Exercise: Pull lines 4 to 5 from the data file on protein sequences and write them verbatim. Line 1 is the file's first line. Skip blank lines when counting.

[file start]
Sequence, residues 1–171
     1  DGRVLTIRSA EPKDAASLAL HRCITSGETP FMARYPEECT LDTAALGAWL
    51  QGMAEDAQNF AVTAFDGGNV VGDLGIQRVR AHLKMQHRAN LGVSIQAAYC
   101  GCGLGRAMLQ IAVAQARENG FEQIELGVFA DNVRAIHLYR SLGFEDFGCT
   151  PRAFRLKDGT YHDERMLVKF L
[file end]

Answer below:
   101  GCGLGRAMLQ IAVAQARENG FEQIELGVFA DNVRAIHLYR SLGFEDFGCT
   151  PRAFRLKDGT YHDERMLVKF L